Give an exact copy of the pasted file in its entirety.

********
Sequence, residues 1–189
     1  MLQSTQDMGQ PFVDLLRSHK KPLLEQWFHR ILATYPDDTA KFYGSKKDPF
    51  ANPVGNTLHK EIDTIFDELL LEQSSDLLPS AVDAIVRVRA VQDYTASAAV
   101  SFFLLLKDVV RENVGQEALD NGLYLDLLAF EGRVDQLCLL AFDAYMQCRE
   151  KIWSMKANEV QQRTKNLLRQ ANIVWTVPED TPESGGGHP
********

Sequence, residues 1–189
     1  MLQSTQDMGQ PFVDLLRSHK KPLLEQWFHR ILATYPDDTA KFYGSKKDPF
    51  ANPVGNTLHK EIDTIFDELL LEQSSDLLPS AVDAIVRVRA VQDYTASAAV
   101  SFFLLLKDVV RENVGQEALD NGLYLDLLAF EGRVDQLCLL AFDAYMQCRE
   151  KIWSMKANEV QQRTKNLLRQ ANIVWTVPED TPESGGGHP